Both my parents have passed away. I miss them and would love to talk with them again. I will see them one day because each of them trusted Jesus Christ as their personal Savior. I often wonder what they’re doing. And I often wonder what it will be like when I get there.
Do you ever wonder what our relationships will be like when we get to Heaven? Will we still have the same kind of relationships in Heaven? Will we still be mom & dad, son & daughter, husband & wife? Will we even know each other?
In Mark 12:18-27, Jesus had a conversation with some religious leaders (Sadducees) about this very subject. But their question was was not honest. They were trying to trick him. Here’s their conversation starter…
Master, Moses wrote unto us, If a man’s brother die, and leave his wife behind him, and leave no children, that his brother should take his wife, and raise up seed unto his brother. Now there were seven brethren: and the first took a wife, and dying left no seed. And the second took her, and died, neither left he any seed: and the third likewise. And the seven had her, and left no seed: last of all the woman died also. In the resurrection therefore, when they shall rise, whose wife shall she be of them? for the seven had her to wife. (Mark 12:19-23)
This Jewish custom (Levirate marriage) from Deuteronomy 25:5-10 ensured that the family name continued and the property remained within the family. If a husband died, his brother would marry his widow. It may have had its flaws (for example, lack of personal feelings) but it was benevolent measured alongside customs of pagans (widow’s possessions plundered and left desolate; buried or burned alive with deceased husband; Hindu widows shunned by family and friends).
But it is interesting that the Sadducees asked the question. Sadducees were a religious group who did not believe in immorality, spirits or angels. They rejected the resurrection and afterlife. The Sadducees knew more about what they didn’t believe than what they did believe.
This hypothetical woman had 7 legitimate husbands throughout her lifetime. The question is who will be her husband in Heaven.
We sometimes have the same problem of the Sadducees. We assume that Heaven (if there is one) is a continuation of life on earth. Jesus said their error due to their misunderstanding of God’s Word and God’s Power (Mark 12:24). Almost all theological error can be traced to one or the other.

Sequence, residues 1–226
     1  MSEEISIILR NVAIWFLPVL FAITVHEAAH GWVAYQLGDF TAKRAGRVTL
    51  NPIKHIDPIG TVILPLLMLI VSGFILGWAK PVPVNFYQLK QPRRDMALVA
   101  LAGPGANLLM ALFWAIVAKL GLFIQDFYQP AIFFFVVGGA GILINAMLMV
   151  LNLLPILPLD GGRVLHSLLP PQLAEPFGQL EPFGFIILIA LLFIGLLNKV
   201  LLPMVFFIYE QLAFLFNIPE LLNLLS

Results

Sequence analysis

Jesus said, “For when they shall rise from the dead, they neither marry, nor are given in marriage” (Mark 12:25). When a person goes to Heaven, the old physical life no longer reigns. Jesus made it clear that marriage is an aspect of this life, but not the next. We can’t tell much about marriage in Heaven from what Jesus said here. But Heaven is not simply an extension of life as we now know it. Our current relationships are limited by time, sin, and death. We don’t know everything about our future in Heaven, but Jesus says it will be different. My relationship with my wife will not be worse in Heaven, it will only be better.
So, what can we say about our relationships in Heaven?
We will recognize each other and share memories of our lives together.
We know that Christ’s disciples recognized Him as He walked around in His glorified body (John 21:7). Moses and Elijah were recognizable during the transfiguration of Christ (Luke 9:29-33). In addition, Scripture gives us no indication that God will wipe away our memories, so it seems that will keep them. We are told that we will be like Jesus (1 John 3:2) and Jesus knew His disciples and remembered His life on earth (Mark 16:14). Why shouldn’t we?
We will pursue and develop new relationships.
It is inconceivable that we, as a part of the family of Christ, will not have the opportunity to get to know our brothers and sisters better. It seems we will be able to meet new people and develop new friendships. Won’t it be something to be able to spend time with Abraham or Moses or Elijah or Peter?
We will be as close to each other as we are now to our spouses.
The one-flesh relationship we currently enjoy in marriage is a signpost pointing to our relationship with Christ, who is our bridegroom. Once we reach our final destination, the signpost will no longer be necessary. The purpose of marriage is not to replace heaven, but to prepare us for it (Ephesians 5:31-32). Does this mean that we will not be as close to our husbands or wives as we have been in this world? Not at all! We will be closer knowing that God chose us for each other so that we might sample what life will be like with Him in Heaven.
Heaven will be so much better than our lives on earth. I hope you have made your reservation.